An Introduction to Mah Jong #MondayBlogs

What the heck am I doing?

I’ve fallen in love with Mah Jong, a Chinese game played with tiles that is similar to rummy. I’ll be sharing what I know about the game as I learn it. This mini-series will appear on Mondays, because I like the alteration of Mah Jong Mondays. Today, I’ll introduce the game.


 Mah Jong – The Name

The game was originally called pinyin, which means sparrow. While this name continues to be used in some southern Chinese, Korean and Japanese games, most Mandarin-speaking Chinese now call the game májiàn. The English form of this word is Mah Jong, which is spelled in various ways.

The Origin of Mah Jong

There are a few stories about how the game got started.

Blame it on Confucius (500BC)

Most people consider this story a myth, as it is based on the idea that the philosopher Confucius invented the game over two centuries ago. This, they say, explains the origin of the sparrow name, as Confucius loved birds. They also say the three dragons in the game, represent the three virtues in Confucian philosophy: sincerity, filial piety and benevolence.

It was all in the Cards (1850 – 1875)

It is widely believed the game, as we know it, was developed by a Shanghai nobleman between 1870 and 1875.

Another popular story is that two brothers from Ningpo, renowned for carving ivory,  created the game around 1850.

Mah Jong is based on popular draw-and-discard card games and is considered to have the same root as the game of Rummy.

The earliest known tile set dates to around 1870.

The Spread of Mah Jong

Although the origins continue to be disputed, everyone agrees that Mah Jong was played in China in the mid to late 1800s and came to the United States in the 1920s. It is played around the world in many different ways.

Is it a Game of Chance or a Game of Skill?

That’s the question that fascinates me.

Clearly both chance and skill are involved in the game. How much does one dominate? I have noticed that experienced players tend to win over new players, so even though it appears to be mostly a game of chance, skill is important.

What do you think?


Confucius

“Our greatest glory is not in never falling, but in rising every time we fall.” ~ Confucius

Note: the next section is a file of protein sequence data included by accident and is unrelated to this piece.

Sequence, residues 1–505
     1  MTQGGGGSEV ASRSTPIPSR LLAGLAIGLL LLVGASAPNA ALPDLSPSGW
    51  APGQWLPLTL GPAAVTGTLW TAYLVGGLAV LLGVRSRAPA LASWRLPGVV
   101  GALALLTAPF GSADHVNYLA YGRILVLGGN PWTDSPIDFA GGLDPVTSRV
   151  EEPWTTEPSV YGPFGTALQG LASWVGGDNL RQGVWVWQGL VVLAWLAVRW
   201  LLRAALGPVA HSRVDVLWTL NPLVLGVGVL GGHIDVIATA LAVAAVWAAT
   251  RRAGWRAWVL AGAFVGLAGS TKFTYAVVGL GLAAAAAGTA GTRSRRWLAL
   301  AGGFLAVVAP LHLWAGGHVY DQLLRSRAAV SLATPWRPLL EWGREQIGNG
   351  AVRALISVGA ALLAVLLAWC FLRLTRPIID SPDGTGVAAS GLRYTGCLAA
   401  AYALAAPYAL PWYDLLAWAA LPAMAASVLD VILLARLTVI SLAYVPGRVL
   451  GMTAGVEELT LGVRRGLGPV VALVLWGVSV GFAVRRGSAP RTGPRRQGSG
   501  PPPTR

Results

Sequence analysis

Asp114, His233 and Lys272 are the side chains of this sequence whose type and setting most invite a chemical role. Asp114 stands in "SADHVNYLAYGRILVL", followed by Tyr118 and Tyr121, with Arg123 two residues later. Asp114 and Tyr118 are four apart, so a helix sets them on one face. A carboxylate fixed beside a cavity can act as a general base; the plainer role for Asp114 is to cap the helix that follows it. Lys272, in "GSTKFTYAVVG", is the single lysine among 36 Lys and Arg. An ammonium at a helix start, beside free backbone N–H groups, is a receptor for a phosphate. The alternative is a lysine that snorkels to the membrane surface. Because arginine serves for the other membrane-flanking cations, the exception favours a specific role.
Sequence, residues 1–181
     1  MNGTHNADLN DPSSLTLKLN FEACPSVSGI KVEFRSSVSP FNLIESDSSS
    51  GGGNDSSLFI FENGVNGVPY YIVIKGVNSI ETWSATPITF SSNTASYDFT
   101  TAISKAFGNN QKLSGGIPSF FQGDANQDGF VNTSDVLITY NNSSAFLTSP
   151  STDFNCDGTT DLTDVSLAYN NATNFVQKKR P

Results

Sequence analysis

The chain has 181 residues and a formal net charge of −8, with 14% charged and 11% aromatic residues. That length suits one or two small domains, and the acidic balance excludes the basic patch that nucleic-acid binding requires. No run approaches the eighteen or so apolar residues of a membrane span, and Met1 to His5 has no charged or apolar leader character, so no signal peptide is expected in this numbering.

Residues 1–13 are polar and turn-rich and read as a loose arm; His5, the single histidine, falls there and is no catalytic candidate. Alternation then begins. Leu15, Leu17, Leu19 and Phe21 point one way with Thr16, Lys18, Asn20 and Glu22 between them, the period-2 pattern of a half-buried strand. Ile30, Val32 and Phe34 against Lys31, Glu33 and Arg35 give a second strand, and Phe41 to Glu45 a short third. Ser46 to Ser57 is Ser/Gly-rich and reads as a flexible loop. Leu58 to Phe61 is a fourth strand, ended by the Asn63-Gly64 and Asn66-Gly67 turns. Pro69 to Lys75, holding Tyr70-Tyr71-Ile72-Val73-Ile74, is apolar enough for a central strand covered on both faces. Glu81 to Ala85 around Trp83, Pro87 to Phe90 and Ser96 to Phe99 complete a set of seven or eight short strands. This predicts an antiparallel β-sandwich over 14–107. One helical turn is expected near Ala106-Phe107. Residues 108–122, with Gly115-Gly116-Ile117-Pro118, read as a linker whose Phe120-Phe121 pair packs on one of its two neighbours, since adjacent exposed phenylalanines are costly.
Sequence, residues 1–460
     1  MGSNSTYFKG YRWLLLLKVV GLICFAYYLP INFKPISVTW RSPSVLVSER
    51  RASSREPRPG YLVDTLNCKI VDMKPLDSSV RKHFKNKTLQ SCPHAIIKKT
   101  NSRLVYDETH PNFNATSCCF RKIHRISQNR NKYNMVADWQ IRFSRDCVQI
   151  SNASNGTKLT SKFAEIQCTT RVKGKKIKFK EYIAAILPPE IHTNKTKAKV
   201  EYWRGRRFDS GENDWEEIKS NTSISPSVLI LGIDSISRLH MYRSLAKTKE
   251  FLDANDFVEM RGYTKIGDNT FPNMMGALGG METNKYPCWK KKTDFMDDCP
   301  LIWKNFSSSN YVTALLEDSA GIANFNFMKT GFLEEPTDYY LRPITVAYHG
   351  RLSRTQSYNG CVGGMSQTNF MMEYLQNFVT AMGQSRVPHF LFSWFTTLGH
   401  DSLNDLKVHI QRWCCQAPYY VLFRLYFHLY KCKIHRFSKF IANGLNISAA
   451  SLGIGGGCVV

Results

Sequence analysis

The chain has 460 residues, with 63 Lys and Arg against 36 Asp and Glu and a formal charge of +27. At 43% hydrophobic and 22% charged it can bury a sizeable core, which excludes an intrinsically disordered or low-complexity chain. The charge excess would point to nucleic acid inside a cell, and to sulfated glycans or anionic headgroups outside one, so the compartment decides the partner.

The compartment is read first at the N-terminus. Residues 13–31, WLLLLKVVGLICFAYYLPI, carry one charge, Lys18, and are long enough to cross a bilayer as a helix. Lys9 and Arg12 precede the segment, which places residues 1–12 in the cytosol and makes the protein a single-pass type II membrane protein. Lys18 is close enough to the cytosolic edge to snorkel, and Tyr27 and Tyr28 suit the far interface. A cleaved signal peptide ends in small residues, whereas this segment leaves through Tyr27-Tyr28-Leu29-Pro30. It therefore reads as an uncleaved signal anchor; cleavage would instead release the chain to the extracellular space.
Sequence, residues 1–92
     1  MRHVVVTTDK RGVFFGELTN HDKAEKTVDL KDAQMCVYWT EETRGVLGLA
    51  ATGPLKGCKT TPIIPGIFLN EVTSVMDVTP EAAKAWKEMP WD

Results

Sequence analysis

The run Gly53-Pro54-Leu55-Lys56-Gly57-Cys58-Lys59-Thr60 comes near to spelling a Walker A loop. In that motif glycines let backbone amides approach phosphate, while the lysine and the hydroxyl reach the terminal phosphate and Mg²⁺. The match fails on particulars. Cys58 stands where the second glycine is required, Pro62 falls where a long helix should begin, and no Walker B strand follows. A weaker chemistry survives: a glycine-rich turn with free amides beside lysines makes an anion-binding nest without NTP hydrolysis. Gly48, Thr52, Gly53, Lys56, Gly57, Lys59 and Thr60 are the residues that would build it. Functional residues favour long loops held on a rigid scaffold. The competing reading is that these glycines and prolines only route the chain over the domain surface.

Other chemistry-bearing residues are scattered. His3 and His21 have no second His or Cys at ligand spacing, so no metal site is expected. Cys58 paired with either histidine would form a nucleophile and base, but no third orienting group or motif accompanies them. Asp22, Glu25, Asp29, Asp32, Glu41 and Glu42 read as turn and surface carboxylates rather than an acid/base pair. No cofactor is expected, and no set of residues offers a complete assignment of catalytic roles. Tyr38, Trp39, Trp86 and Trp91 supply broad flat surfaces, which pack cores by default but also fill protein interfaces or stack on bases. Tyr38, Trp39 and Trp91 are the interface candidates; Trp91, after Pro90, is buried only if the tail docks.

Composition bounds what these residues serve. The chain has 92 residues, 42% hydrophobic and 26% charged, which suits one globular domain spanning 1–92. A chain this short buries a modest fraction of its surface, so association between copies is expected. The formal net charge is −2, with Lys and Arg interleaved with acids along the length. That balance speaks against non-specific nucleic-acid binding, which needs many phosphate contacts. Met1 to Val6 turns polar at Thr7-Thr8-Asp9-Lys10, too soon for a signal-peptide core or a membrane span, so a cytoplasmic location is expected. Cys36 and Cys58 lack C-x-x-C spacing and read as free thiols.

Sources:

Wikipedia – https://en.wikipedia.org/wiki/Mahjong

http://www.mahjongsets.co.uk/origins-mahjong.html

Photo Credit:

Confucius – Wikipedia


Coming Next Monday:

The 3 Dragons in Mah Jong

Author: Jo-Ann Carson

SMART, SEXY, SUSPENSE ... with a touch of magic Jo-Ann Carson writes romance twisted with suspense and polished humor. Her strong characters take you on a fast and fun journey. Currently she’s writing the Gambling Ghost series, a sweet and saucy mix of fantasy, adventure and romance. guaranteed to warm your heart, make you laugh out loud and leave you craving a ghost of your own. Jo-Ann loves to interact with readers and can be found on social media: Website - http://jo-anncarson.com

7 thoughts on “An Introduction to Mah Jong #MondayBlogs”

    1. There is skill and strategy involved for sure. The game is becoming more and more popular here. I wouldn’t be surprised if you run into it in your area.
      What games do you like to play?
      Thanks for stopping by and chatting. I always like chatting with you.
      all the best,
      Jo-Ann

      Like

      1. Hi Susan,
        I love that you keep a journal of your games. I’ve started a journal to track my games, so I can see which hands are working for me, but I know that I’ll be looking back on my notes and remembering many other things.
        I’ve never heard of Settlers of Catan. I’m off to google it.
        Thanks for stopping by and chatting.
        All the best,
        Jo-Ann

        Like

  1. Somewhere I hav a romantic suspense story buried away that featured a Chinese Mahjong playing head of a Chinese family on the wrong side of the law. The story lies forgotten in well deserved obscurity but the character comes vividly alive in my mind,

    Liked by 1 person

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